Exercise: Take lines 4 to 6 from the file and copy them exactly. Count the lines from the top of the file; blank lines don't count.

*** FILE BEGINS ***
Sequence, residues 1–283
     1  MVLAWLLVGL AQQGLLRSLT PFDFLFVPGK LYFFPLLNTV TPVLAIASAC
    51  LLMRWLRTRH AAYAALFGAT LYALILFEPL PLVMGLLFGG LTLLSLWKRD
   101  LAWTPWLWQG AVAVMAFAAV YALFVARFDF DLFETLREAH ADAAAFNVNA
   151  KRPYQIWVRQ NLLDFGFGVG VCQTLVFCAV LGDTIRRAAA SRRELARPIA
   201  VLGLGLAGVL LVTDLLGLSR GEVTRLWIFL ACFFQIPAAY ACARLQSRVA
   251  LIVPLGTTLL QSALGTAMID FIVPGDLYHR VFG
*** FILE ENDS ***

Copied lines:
   101  LAWTPWLWQG AVAVMAFAAV YALFVARFDF DLFETLREAH ADAAAFNVNA
   151  KRPYQIWVRQ NLLDFGFGVG VCQTLVFCAV LGDTIRRAAA SRRELARPIA
   201  VLGLGLAGVL LVTDLLGLSR GEVTRLWIFL ACFFQIPAAY ACARLQSRVA